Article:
Ryeland Sheep

What is the history of Ryeland Sheep?

The Ryeland, which has been known since at least the 12th century, developed in the poor and rather wet southern districts of Herefordshire in Great Britain where a great quantity of rye used to be grown.

It is said that the Ryeland is probably the oldest of the recognized British breeds of sheep and that no other British breed can claim greater historical data.

The Ryeland society was founded in 1903 and the first flock book was published in 1909, but various authorities identify the Ryeland back to the 12th century and the breed has a fairly clear history of some 800 years.

Introduced into New Zealand in 1901and Australia in 1919.

What are the characteristics of Ryeland Sheep?

It was originally rather a small sheep, white faced and polled, with a marbled nose and woolly legs. Essentially a wool breed in historical times, it was known for its ability to thrive on very poor feed. Today’s Ryeland is a somewhat bigger-boned sheep than the breed when first developed and is often regarded as primarily a meat breed. Originally, however, it was noted principally for the fineness of its fleece which was unequalled by any other British breed.

The earliest writers on sheep speak of it as being pre-eminent among short-woolled breeds which produced the most desired wool. In order to protect the wool and produce a sounder fleece it was the practice from early times for Ryelands to be ‘cotted’ in winter, that is, shut into a building rather than a sheep-fold in an open field. Today Ryeland sheep wool is still used to produce high quality woollen goods.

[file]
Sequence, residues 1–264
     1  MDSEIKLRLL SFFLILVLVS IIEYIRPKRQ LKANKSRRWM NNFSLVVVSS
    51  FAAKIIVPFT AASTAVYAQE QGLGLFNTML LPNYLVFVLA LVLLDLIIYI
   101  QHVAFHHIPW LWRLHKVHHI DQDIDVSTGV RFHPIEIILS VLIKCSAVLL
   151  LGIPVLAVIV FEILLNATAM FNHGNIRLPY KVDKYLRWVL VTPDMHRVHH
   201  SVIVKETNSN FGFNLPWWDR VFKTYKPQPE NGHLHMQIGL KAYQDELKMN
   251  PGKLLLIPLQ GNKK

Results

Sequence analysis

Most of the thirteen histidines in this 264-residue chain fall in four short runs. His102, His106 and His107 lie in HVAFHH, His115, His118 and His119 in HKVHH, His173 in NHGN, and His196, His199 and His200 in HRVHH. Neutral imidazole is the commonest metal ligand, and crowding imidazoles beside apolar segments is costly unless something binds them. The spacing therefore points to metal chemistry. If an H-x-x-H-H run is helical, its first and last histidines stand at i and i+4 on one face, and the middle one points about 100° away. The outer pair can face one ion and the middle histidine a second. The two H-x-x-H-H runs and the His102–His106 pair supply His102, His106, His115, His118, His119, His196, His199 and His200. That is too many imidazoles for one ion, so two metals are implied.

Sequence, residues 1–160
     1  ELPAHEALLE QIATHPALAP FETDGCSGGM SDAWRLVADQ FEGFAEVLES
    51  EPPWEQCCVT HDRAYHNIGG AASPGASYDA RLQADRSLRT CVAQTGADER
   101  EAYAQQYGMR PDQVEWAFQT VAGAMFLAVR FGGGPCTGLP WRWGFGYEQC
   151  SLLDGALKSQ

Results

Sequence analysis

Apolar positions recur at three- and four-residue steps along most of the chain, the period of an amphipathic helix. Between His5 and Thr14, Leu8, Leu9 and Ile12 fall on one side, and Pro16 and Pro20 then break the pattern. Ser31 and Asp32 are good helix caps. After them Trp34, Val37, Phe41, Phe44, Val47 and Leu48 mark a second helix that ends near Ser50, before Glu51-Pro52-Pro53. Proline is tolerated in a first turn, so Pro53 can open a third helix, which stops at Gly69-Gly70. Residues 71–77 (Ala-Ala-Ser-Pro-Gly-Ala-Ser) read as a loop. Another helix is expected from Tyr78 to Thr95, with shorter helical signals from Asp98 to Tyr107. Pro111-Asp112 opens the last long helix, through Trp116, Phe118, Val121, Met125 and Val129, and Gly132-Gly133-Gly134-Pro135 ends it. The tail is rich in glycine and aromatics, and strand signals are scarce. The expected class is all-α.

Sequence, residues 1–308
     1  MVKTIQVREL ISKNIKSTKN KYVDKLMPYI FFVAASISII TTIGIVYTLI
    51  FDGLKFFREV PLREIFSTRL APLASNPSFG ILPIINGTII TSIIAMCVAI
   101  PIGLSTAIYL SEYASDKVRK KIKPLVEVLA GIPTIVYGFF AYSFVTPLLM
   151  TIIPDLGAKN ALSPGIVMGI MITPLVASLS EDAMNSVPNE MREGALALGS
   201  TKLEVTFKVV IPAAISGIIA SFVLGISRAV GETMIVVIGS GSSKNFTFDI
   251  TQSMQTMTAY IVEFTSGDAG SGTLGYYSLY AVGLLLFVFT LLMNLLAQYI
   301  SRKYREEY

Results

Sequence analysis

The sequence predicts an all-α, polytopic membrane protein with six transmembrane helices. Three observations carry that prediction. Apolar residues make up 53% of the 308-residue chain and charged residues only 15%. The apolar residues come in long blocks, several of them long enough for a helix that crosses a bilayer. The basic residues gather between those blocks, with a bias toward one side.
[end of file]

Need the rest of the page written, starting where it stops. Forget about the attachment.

Ryeland sheep and Coloured Ryeland sheep do well on a diet of good grass, without the need for additional feed. This means they are particularly suitable for organic lamb production.

The Ryeland sheep is notable for the fact its wool grows right around its face and most of the way down its legs. It is solid sheep that is medium in size. The Ryeland breed is highly fertile and docile. The dense fleece is usually white but a growing number of breeders are specialising in Coloured Ryelands.

The Ryeland was one of the breeds used to introduce the poll gene (no horns).

Ryeland sheep have a smaller head than most terminal sires which makes them a good choice for maiden or Merino ewes but they have a fast growth rate and early maturity.

Like the Romney Marsh, another breed from a low, wet region, it was also very resistant to footrot.

What is the weight of mature Ryeland Sheep?

Mature Ryeland Ram weighs 60 kg, and mature Ryeland Ewe weighs 45 kg.


Bettina Addington - Smith (Milltown Coloured Ryelands)
Paula Wills
Highfield Ryelands
Rachel Frances Dring
Fizzy Mum

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